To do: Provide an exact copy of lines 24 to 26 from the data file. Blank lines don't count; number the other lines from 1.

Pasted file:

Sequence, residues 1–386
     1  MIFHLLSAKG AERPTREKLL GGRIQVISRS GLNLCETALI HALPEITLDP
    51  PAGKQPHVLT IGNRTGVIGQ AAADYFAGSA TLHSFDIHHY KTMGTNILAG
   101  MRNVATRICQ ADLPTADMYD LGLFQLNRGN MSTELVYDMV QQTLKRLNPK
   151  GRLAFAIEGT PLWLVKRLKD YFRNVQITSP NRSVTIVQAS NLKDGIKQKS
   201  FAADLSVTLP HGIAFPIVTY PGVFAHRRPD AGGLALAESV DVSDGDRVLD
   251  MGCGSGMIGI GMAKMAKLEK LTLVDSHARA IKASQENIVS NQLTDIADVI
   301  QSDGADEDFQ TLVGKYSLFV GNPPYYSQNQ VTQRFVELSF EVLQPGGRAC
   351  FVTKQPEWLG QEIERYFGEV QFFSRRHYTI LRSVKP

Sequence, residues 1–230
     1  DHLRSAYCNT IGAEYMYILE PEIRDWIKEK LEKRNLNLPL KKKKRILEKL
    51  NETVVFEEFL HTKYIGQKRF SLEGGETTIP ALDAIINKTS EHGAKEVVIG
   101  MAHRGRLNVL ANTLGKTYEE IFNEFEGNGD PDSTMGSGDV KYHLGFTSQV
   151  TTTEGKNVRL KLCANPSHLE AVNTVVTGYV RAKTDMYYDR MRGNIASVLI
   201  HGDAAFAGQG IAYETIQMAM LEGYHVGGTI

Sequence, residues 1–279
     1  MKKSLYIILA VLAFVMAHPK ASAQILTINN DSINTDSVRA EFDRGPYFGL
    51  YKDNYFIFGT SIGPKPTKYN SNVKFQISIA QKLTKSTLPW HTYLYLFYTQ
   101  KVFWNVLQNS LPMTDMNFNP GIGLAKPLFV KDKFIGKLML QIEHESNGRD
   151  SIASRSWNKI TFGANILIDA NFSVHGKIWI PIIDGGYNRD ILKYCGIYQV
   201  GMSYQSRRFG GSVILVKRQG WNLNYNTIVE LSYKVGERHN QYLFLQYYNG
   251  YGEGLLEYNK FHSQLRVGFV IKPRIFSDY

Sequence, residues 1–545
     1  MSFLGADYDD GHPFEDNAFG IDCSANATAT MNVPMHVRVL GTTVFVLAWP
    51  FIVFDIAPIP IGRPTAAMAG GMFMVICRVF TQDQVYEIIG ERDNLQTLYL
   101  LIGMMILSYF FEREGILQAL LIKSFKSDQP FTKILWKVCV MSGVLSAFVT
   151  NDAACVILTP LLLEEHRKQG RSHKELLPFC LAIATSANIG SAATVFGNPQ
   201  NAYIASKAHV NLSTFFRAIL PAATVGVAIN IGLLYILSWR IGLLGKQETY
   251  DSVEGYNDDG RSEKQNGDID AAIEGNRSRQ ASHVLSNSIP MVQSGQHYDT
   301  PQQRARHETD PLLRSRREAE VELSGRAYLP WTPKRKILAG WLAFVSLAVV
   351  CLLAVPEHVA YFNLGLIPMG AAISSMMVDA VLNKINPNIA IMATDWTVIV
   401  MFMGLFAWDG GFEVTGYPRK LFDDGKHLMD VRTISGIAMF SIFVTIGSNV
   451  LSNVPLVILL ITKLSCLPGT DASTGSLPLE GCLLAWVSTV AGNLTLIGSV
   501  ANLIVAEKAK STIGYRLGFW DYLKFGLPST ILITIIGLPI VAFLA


     1  MSFLGADYDD GHPFEDNAFG IDCSANATAT MNVPMHVRVL GTTVFVLAWP
    51  FIVFDIAPIP IGRPTAAMAG GMFMVICRVF TQDQVYEIIG ERDNLQTLYL
   101  LIGMMILSYF FEREGILQAL LIKSFKSDQP FTKILWKVCV MSGVLSAFVT